Welcome to The Down Low. A new series where we uncover the secrets of the music industry to help the next generation get their foot in the door. Whether you are aspiring artists, DJs, or promoters, if you are just starting out or not sure how to meander your way through this sometimes unnecessarily complicated industry, then hopefully there is something of value in this series to help kick start your careers. In this first issue we take a look at the world of music publishing. The goal of music publishing is ultimately to get you paid from your music, so if this is one of your goals its important to understand how it all works.
A publishers role in a nutshell is the selling of licenses for a particular piece of music, and to make sure that you get paid for those licenses. The publisher will essentially create licenses for many different uses such as records, film, printed sheet music, adverts, and games to name a few.
The origins of music publishing were in New York City in the late 19th century and early 20th century, in an area named Tin Pan Alley. Back then, because musicians didn’t tend to write their own material, it was up to publishers to put musicians together to create, license and publish music. This meant that publishers had a huge influence over the industry although things have obviously changed a little bit since then. Artists tend to have more power these days with the use of social media and all, but it requires more work and eats into your time to be creative.
They are a few different things that publishers can do for an artist however, and the range usually depends on the size of the publisher. Below is a list of some of the different things they do in more detail:
The publishing company has copies of EVERYTHING you have ever made and tries to get it sync’d on TV, games, radio, etc. All you need to do is keep them updated with new material.
You hold bi-weekly or monthly chats with them about what you need. This could be access to vocalists, musicians or songwriters, an invite to a writing camp to work with other producers to get ideas, literally anything you need to succeed in your creative endeavours. They will then firstly introduce you to other artists, musicians, singers, and producers that they publish to make the whole process straight forward. If that doesn’t work, they will give you other options that they think might work.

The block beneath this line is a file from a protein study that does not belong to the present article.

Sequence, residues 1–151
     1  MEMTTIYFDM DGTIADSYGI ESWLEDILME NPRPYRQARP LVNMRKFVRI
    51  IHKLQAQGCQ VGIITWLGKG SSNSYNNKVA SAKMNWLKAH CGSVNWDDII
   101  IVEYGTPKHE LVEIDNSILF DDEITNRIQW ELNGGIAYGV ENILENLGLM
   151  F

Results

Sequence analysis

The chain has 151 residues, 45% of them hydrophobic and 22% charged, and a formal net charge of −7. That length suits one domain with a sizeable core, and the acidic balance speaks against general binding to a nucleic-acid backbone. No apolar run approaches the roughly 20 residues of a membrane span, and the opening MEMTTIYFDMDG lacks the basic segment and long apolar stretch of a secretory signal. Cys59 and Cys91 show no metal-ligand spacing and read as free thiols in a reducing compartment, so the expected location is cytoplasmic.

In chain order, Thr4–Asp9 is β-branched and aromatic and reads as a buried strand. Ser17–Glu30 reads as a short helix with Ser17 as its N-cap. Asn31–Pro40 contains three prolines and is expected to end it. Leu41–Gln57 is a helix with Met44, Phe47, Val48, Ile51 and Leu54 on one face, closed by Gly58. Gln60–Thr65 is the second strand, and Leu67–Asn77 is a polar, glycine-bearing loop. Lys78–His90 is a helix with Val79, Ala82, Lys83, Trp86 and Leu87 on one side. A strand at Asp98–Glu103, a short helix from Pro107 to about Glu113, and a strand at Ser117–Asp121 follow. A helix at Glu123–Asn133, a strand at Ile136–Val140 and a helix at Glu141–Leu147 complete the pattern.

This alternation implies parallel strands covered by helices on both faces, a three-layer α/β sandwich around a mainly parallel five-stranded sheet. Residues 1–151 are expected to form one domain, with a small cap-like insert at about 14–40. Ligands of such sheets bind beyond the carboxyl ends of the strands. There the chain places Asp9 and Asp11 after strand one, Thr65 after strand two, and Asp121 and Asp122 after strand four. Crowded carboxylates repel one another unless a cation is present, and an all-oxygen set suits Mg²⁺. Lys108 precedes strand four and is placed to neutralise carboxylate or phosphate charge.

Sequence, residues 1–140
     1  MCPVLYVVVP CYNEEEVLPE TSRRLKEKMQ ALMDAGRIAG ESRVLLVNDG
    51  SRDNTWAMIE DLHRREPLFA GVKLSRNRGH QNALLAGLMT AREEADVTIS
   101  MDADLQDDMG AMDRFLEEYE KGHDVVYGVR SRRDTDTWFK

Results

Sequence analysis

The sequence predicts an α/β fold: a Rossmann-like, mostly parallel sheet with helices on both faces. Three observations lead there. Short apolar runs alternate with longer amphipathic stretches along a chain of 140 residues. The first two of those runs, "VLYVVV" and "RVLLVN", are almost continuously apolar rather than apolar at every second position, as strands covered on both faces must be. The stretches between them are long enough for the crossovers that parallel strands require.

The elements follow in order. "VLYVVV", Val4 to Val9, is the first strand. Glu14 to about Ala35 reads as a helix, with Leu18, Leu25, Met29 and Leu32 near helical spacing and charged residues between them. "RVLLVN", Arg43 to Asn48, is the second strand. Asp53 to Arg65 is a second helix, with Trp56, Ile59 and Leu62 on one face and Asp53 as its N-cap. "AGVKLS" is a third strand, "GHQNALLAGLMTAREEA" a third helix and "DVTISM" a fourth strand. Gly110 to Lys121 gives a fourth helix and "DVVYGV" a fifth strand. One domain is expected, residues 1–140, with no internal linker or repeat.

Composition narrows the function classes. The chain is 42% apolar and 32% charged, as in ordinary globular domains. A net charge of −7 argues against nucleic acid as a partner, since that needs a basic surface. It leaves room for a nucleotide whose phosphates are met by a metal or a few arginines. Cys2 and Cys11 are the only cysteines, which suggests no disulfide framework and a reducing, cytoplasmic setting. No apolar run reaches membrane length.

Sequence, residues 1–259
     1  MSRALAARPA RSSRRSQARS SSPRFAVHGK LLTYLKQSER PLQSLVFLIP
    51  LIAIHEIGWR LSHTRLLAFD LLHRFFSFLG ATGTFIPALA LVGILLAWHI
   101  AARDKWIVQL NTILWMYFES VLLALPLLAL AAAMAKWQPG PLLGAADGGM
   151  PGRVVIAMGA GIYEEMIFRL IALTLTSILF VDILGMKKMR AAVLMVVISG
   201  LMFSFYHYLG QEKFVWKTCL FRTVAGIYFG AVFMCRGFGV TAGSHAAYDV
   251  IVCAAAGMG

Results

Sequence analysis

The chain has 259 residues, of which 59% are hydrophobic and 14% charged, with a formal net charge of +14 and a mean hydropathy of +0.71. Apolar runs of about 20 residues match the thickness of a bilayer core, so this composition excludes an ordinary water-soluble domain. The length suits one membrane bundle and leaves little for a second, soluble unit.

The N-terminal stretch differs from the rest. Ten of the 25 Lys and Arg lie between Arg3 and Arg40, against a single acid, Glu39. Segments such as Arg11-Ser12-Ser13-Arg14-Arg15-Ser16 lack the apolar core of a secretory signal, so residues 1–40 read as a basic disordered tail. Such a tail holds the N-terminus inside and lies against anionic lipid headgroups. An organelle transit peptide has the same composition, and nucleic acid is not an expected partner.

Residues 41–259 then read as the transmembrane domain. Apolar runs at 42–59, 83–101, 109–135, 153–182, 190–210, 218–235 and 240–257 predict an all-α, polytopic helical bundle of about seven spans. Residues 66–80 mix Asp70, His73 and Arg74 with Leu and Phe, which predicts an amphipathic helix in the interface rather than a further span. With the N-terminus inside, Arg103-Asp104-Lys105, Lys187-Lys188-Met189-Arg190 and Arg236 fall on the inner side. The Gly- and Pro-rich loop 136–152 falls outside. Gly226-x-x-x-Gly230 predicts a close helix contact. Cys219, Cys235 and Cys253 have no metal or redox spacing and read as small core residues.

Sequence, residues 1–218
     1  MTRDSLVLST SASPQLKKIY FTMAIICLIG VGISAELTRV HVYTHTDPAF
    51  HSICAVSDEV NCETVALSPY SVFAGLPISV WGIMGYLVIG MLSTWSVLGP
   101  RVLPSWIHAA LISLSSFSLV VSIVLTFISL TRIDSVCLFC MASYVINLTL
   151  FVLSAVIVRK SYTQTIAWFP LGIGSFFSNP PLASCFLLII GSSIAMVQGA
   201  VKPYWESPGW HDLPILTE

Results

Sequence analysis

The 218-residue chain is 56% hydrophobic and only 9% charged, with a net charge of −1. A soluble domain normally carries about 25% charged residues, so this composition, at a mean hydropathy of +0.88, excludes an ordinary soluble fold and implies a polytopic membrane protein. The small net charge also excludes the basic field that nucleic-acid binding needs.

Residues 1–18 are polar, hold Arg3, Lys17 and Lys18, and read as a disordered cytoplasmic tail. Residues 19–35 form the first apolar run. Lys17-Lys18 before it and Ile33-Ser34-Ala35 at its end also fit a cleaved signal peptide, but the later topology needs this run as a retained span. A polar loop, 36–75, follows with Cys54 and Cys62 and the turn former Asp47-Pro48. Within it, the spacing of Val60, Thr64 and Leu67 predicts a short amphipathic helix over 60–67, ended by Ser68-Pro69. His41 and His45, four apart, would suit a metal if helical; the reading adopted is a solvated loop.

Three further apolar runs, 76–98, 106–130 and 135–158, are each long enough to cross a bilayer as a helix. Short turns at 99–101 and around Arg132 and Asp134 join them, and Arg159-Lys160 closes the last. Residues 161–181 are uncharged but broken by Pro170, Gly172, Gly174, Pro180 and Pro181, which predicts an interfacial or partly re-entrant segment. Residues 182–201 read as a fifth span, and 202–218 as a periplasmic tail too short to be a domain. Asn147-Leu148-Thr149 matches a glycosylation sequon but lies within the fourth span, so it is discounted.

PPL and PRS for Music are two separate collective management organisations (CMOs).
PPL collects and distributes money on behalf of performers and record companies for the use of their recorded music on TV, Radio, in Clubs etc. This includes all the work you have made, including remixes.
PRS for Music collects and distributes money on behalf of songwriters, composers and music publishers, for the use of their musical compositions and lyrics on TV, Radio, in clubs etc. This is just your original material.
Another thing to mention is something called Neighbouring Rights. Neighbouring Rights is a term that relates to the royalty earned from the public performance of a master recording. This is similar to the right that exists in the composition of musical works but there are some differences that are worth knowing:
- That copyright compensates the publisher and composers/writers of a song
- The neighbouring right compensates the master owner and the performers on a master recording when it is publicly performed or broadcast.
In the context of neighbouring rights, public performances include music played in nightclubs, restaurants, and coffee shops, in addition to broadcasts on TV, Radio and streaming radio — put simply, anywhere that is not a private home. The term “neighbouring” refers to the fact that these rights neighbour the compositional rights.
As with most things in life nowadays, the internet has made it easier to acquire publishing so that independent artists can get paid without relying on larger music publishers. We have included a list below with some to get you started:
Many of these online publishers will help you with all your publishing needs at some affordable prices, and there is some good info about publishing in general on their websites if you wish to do some further research.
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